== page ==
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Tess Gerritsen- On Why an Agent is Vital to a Successful Writing Career
by Debbie Haskins

Dr. Tess Gerritsen was practicing medicine in Honolulu, Hawaii, when she wrote her first book. She attempted to sell it as a romance mystery, but her manuscript was quickly rejected. When she submitted the manuscript again, she called it a romantic thriller rather than a mystery. That was all it took. Within five months she had a contract. This book, A CALL AFTER MIDNIGHT, was followed by eight more romantic suspense novels. A chance dinner conversation about missing Russian orphans being kidnapped and possibly used as organ donors inspired her first medical thriller, HARVEST and altered the course of her career.

The opening 150 pages of HARVEST had been submitted to Simon and Schuster when Tess’s agent called to tell her she’d gotten an offer for $100,000. She’d never been offered that kind of money before and was thrilled, but the agent stunned her when she told her, "We’re turning it down." The agent was confident they could get a better deal. Tess wasn’t so sure and was nervous about losing the contract by demanding more money. Still, she agreed to let the agent do her job; then she sweated it out and waited. A week later, when the agent called back, she told Tess to sit down. She had been offered $1,000,000 for a two-book deal. "That," she said, "is the power of having an agent."

Since HARVEST, Tess has written and sold the medical thrillers, LIFE SUPPORT, BLOODSRREAM, GRAVITY, THE SURGEON, THE APRENTICE, THE SINNER and BODY DOUBLE. Now retired from medicine, she is a fulltime writer.

When asked what advice she would give writers trying to get their first book published, Tess simply said, "Find an agent." She went on to explain that writers may get published in the romance and nonfiction markets without one, but fiction writers especially need an agent. Agents know how things work. A good agent doesn’t just sell your book. He or she will help your career every step of the way and make sure your book gets released properly. With that in mind, here are Tess Gerritsen’s tips for finding and working with an agent.

* Never send your material to any agent who charges money to read your stuff.

* If you are lucky enough to sell your first book without an agent, be sure to get one for your second book.

* Look in the acknowledgements of current books that are favorites of yours or are in the genre you write. Authors often mention their agents here. These are good agents to contact.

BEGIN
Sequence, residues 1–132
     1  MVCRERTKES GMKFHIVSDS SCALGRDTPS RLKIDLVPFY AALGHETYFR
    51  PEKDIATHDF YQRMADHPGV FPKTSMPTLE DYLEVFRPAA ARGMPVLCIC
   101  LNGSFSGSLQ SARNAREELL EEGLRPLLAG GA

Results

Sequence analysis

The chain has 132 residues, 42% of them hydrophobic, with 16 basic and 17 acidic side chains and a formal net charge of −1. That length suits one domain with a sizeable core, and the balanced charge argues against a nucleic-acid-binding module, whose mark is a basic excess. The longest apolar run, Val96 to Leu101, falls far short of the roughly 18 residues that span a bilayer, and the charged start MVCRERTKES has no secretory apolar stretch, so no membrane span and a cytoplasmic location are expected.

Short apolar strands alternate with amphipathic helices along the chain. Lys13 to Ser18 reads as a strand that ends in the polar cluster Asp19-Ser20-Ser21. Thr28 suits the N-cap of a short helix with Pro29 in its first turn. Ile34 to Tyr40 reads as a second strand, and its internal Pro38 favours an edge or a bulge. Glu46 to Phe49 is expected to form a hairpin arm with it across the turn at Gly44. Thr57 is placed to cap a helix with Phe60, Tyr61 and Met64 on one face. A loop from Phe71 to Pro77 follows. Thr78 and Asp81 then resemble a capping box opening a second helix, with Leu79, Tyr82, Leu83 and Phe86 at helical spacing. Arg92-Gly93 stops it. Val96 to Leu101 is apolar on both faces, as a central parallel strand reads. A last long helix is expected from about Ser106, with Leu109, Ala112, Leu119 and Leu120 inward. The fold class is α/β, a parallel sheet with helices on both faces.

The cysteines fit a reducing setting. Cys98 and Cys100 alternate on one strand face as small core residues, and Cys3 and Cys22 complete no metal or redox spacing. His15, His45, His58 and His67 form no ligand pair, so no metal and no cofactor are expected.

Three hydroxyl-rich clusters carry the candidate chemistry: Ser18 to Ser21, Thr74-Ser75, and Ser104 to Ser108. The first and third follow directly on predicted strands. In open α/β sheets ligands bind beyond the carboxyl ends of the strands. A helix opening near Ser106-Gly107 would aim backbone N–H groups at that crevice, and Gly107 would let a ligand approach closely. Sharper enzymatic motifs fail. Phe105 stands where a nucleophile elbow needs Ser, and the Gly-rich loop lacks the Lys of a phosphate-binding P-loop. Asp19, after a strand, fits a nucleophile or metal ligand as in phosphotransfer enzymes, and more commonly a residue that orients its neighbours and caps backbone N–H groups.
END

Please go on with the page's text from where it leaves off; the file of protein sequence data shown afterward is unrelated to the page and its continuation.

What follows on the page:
* Ask other published writers who their agents are.

* Attend writers’ conferences.

* Send a query rather than an entire manuscript when seeking representation. Keep it short and sweet-- only two pages of 250 words per page. Your query should be a small synopsis that includes the premise and main conflict. Look at blurbs on the jackets of published books to get an idea of how to do this. Your query should include what market or genre you want to sell to.

* Take your letter to your critique group and get feedback before sending it.

* Query more than one agent at a time. Five is a good number.

* If you are giving an agent an exclusive look at your manuscript, six weeks is long enough to wait for a reply. At this time you can notify them that other agents will be considering your material.

* Find a New York agent. This is where the publishing business and access to the greatest number of editors is. A worthwhile agent will place you with an editor you can work with and have an ongoing relationship with.

* Expect the process of signing all necessary papers and contracts with a new agent to take about two months.

* The size of the agency does not matter. The performance of the individual agent is what counts.

* Agents generally get 15%, but a good agent is well worth it.

* Make sure your agent has a sub-agent in Hollywood for movie rights.

*If an agent or editor takes the time to give you specific suggestions, it's a great sign. It means she thinks your work is worthy of comment.  Take those suggestions to heart and make the revisions.

Getting an agent could be the key to making your writing career take off. A good percentage of publishers only consider manuscripts submitted by agents. So make the effort to get your writing polished and your queries sent out. Your careful preparation sets the stage for success, but Tess, claims that luck still has a lot to do with finding your agent. It often boils down to who you meet or where you happen to be at a particular time. So get busy, get out there and meet other people in the writing business and good luck in your search.

© Copyright 2004, Debbie Haskins


Debbie Haskins is a freelance writer living in Ft. Collins, Colorado.



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